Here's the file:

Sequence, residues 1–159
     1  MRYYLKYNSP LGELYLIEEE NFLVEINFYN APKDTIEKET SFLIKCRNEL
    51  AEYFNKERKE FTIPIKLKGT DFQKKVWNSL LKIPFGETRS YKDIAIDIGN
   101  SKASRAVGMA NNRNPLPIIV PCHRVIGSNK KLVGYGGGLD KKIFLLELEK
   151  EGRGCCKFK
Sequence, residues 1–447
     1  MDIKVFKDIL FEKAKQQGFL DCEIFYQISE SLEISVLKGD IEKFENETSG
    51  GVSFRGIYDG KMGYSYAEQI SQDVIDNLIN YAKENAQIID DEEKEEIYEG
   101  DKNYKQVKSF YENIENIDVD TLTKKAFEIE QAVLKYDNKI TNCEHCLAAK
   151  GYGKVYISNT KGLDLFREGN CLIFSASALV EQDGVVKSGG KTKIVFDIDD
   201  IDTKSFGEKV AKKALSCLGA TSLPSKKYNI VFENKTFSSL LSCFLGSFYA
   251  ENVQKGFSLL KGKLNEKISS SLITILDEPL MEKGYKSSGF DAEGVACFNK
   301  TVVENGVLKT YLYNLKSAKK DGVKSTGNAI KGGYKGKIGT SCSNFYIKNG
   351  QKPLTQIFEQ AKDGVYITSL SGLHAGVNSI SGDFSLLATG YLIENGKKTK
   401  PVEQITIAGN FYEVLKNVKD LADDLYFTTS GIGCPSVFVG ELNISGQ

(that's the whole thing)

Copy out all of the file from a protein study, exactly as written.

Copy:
Sequence, residues 1–159
     1  MRYYLKYNSP LGELYLIEEE NFLVEINFYN APKDTIEKET SFLIKCRNEL
    51  AEYFNKERKE FTIPIKLKGT DFQKKVWNSL LKIPFGETRS YKDIAIDIGN
   101  SKASRAVGMA NNRNPLPIIV PCHRVIGSNK KLVGYGGGLD KKIFLLELEK
   151  EGRGCCKFK
Sequence, residues 1–447
     1  MDIKVFKDIL FEKAKQQGFL DCEIFYQISE SLEISVLKGD IEKFENETSG
    51  GVSFRGIYDG KMGYSYAEQI SQDVIDNLIN YAKENAQIID DEEKEEIYEG
   101  DKNYKQVKSF YENIENIDVD TLTKKAFEIE QAVLKYDNKI TNCEHCLAAK
   151  GYGKVYISNT KGLDLFREGN CLIFSASALV EQDGVVKSGG KTKIVFDIDD
   201  IDTKSFGEKV AKKALSCLGA TSLPSKKYNI VFENKTFSSL LSCFLGSFYA
   251  ENVQKGFSLL KGKLNEKISS SLITILDEPL MEKGYKSSGF DAEGVACFNK
   301  TVVENGVLKT YLYNLKSAKK DGVKSTGNAI KGGYKGKIGT SCSNFYIKNG
   351  QKPLTQIFEQ AKDGVYITSL SGLHAGVNSI SGDFSLLATG YLIENGKKTK
   401  PVEQITIAGN FYEVLKNVKD LADDLYFTTS GIGCPSVFVG ELNISGQ